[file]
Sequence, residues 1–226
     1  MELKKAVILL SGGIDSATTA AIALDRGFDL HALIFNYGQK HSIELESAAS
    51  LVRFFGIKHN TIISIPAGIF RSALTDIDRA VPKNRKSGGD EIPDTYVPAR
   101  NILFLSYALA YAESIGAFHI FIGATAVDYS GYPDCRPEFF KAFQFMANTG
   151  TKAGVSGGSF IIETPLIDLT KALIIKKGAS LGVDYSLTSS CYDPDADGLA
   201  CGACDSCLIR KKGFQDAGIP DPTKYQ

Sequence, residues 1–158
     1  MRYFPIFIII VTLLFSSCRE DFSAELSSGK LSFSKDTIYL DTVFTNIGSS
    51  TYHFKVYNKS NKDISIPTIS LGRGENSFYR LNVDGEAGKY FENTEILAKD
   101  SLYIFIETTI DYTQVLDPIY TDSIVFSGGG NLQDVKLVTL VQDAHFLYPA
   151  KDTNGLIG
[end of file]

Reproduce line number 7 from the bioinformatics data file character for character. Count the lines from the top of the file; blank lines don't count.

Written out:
Sequence, residues 1–158